What a privilege to have had a part in recognizing a great South Dakotan! Charles "Eddie" Clay of Hot Springs was inducted into the South Dakota Hall of Fame on September 8, 2007 in Chamberlain. These are a few photographs from the event. Click on each picture to see a larger image. Thanks for visiting this site. --Larry Miller, Spearfish, SD
NOTE: We regret to report that Eddie Clay passed away on Thursday, October 4, 2012, at the age of 90. We plan to retain this gallery as a tribute. As you read through these captions, you'll learn more about this extraordinary man.
Eddie and Clara Clay with those family members who were able to attend the 2007 Hall of Fame ceremonies at Chamberlain. In front (l-to-r): granddaughter Meredith Williams, holding her daughter, Ella; Eddie Clay; Clara Clay; granddaughter Suzannah Bagwell; in the middle is daughter Bobbi Kennedy and her son, Joe Kennedy. In the back row are: nephew Dale Clay; Jim and Alana Axe (Alana is a niece to Eddie and Clara); Eran Bagwell (Suzannah's daughter); and Katie Kennedy, granddaughter to Eddie and Clara. I hope I have all the relationships correct. A delightful family!
Don't forget....you can see a larger image by clicking on each photograph.
The South Dakota Hall of Fame is headquartered in Chamberlain, along the shores of the Missouri River.
This posting focuses on my good friend, Eddie Clay. When you're finished here, you may want to learn more about other inductees. You'll find information and photographs in our SD Hall of Fame Gallery
Eddie was born in Missouri, raised in Iowa, but adopted South Dakota as his new home after assignment to Ellsworth Air Force Base in the 1940s.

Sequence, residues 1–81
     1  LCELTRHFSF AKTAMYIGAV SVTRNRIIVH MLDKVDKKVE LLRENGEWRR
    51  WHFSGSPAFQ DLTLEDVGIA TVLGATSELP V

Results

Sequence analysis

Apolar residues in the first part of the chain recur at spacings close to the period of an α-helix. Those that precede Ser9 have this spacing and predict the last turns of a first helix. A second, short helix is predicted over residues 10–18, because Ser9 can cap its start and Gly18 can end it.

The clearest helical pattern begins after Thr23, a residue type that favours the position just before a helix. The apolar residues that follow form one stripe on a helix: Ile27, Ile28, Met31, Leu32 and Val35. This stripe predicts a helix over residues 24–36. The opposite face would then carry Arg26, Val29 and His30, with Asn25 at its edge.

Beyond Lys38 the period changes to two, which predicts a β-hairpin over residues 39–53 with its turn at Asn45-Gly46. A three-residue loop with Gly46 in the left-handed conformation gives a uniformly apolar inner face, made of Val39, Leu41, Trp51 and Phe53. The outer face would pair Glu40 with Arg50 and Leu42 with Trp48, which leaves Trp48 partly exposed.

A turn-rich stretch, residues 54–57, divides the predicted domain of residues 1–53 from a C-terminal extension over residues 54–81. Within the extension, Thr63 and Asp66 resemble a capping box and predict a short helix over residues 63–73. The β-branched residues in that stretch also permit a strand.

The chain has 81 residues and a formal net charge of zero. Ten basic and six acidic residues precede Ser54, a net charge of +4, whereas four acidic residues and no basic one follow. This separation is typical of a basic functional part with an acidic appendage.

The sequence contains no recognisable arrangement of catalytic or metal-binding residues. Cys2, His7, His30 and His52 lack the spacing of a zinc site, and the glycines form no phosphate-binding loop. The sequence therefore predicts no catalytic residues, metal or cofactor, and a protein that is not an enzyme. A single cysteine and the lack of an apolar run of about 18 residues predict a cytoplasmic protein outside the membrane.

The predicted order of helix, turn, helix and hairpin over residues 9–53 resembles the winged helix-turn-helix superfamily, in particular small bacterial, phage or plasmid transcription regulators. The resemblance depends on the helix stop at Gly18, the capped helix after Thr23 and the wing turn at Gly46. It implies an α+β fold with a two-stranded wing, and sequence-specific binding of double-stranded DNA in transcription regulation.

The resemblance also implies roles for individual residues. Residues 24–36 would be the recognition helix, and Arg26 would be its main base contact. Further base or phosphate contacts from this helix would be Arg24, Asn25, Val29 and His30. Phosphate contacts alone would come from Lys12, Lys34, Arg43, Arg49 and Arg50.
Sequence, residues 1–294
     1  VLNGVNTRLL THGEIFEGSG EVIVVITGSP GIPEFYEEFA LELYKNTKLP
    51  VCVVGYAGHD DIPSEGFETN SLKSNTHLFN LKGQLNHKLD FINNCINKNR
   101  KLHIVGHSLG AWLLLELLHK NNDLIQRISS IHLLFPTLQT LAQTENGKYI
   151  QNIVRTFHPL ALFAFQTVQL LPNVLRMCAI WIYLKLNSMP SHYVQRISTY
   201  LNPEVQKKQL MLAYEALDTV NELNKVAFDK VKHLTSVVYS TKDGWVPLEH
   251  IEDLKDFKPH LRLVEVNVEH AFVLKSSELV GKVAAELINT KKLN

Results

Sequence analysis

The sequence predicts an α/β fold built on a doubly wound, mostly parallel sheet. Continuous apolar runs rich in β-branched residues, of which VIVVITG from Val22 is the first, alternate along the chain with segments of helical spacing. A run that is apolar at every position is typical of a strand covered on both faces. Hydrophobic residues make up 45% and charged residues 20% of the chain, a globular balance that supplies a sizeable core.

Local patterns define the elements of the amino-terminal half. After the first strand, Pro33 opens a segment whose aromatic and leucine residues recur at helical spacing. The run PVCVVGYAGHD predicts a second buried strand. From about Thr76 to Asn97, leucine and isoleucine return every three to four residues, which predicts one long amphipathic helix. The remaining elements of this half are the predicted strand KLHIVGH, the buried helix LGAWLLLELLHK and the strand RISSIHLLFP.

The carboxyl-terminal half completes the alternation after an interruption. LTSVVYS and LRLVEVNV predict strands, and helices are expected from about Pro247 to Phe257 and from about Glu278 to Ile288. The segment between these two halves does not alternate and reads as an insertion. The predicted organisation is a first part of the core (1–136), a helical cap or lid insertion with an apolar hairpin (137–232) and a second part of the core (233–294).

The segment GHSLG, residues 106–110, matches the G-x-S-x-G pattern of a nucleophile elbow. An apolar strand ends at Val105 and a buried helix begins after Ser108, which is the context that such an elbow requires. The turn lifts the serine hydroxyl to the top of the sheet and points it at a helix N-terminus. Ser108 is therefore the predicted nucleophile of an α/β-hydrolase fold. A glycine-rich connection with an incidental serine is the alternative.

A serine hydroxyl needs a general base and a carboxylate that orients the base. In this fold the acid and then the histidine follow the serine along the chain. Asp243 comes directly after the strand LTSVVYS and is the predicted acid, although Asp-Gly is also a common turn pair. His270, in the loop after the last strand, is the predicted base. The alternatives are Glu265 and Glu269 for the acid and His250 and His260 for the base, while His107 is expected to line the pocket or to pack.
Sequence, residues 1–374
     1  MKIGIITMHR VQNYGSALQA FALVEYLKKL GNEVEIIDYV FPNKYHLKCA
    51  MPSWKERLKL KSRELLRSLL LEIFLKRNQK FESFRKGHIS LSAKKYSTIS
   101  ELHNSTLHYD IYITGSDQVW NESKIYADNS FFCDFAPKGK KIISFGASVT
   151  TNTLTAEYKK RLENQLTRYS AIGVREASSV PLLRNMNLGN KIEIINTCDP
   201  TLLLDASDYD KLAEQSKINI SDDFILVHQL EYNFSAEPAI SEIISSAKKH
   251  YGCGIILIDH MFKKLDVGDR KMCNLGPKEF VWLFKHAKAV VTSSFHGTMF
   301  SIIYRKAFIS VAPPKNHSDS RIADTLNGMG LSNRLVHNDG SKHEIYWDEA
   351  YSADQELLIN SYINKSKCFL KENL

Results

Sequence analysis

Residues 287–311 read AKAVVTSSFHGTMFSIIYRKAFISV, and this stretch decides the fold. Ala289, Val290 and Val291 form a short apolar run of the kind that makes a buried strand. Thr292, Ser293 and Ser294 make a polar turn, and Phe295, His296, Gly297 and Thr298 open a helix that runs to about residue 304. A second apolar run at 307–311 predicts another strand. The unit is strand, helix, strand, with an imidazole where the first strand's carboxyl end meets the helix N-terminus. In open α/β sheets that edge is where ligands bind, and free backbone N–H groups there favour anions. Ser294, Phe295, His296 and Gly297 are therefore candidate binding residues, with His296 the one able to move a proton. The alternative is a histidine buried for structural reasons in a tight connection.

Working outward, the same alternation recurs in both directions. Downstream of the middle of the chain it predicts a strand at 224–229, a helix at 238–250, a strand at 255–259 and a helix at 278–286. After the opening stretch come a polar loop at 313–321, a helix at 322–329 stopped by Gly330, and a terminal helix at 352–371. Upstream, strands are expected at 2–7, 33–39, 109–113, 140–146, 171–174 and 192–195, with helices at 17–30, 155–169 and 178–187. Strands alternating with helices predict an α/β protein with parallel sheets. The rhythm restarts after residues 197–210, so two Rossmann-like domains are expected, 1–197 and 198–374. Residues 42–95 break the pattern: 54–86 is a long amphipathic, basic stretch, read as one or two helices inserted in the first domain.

Eddie joined the Air Force after graduation from Eldora (IA) High School in 1941. He served with the 8th Air Force in the United States and Pacific Theater until 1945. While stationed at Ellsworth Air Force Base, he visited Hot Springs, met and married the love of his life, Clara May Hagen Clay. He later served in the Korean War with the 301st Logistical Command, and Military Intelligence at Fort Hood, Texas from 1950-52.
Eddie became deeply involved in the Hot Springs community and has been an active Mason for more than 50 years, serving as the South Dakota Grand Master of Masons (1972) and served for many years as the Chairman of the Board of Trustees Masonic Grand Lodge of South Dakota.
A true visionary, Eddie was among the handful of people who saw real value in the accidental discovery of a mammoth sinkhole on the edge of Hot Springs. Since 1984, he has served as the Mammoth Site president and played a key role in helping the site become a world-class research facility and a popular tourist site. Here, he is shown some years ago sharing his enthusiasm with his granddaughters.
For nearly two decades, Eddie served as a volunteer for the Mount Rushmore National Memorial Society. In 1988 he became a Director and continued until 2005, when he was granted emeritus status. Under his leadership as President of the society, a $60 million plan for redesigned visitor facilities at Mount Rushmore was transformed from dreams and drawings to regal columns of granite and gleaming modern facilities that now host nearly three million visitors each year. This is Eddie, Bobbi and Clara during a visit to Mount Rushmore.
During a morning gathering at the beautiful Cedar Shore Resort across the Missouri River from Chamberlain, Hall of Fame inductees met with the media and visitors, sharing perspectives of South Dakota and its importance in their lives.
Eddie told of his love affair with South Dakota and didn't miss the opportunity to promote the Mammoth Site at Hot Springs.
Many of the inductees revealed that they "didn't have a clue" that they had been nominated for the Hall of Fame. Bobbi and I worked clandestinely to submit Eddie's nomination with all the information necessary -- but without tipping our hand in a way that Eddie would learn about it. I think we largely succeeded.